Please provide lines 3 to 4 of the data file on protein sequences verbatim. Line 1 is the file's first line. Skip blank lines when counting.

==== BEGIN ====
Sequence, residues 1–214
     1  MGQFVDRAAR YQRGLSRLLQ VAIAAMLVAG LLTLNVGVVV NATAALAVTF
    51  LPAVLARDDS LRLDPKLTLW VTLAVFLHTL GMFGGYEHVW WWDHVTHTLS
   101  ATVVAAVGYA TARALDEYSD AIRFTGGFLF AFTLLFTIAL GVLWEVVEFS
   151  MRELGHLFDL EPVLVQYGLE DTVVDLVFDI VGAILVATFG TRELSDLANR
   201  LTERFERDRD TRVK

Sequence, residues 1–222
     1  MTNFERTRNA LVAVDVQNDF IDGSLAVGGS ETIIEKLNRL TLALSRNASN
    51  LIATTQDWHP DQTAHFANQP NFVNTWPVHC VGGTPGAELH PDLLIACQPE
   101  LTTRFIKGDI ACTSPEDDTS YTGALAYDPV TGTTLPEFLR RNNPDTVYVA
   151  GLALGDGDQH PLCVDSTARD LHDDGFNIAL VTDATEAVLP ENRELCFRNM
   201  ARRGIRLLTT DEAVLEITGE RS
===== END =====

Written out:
    51  LPAVLARDDS LRLDPKLTLW VTLAVFLHTL GMFGGYEHVW WWDHVTHTLS
   101  ATVVAAVGYA TARALDEYSD AIRFTGGFLF AFTLLFTIAL GVLWEVVEFS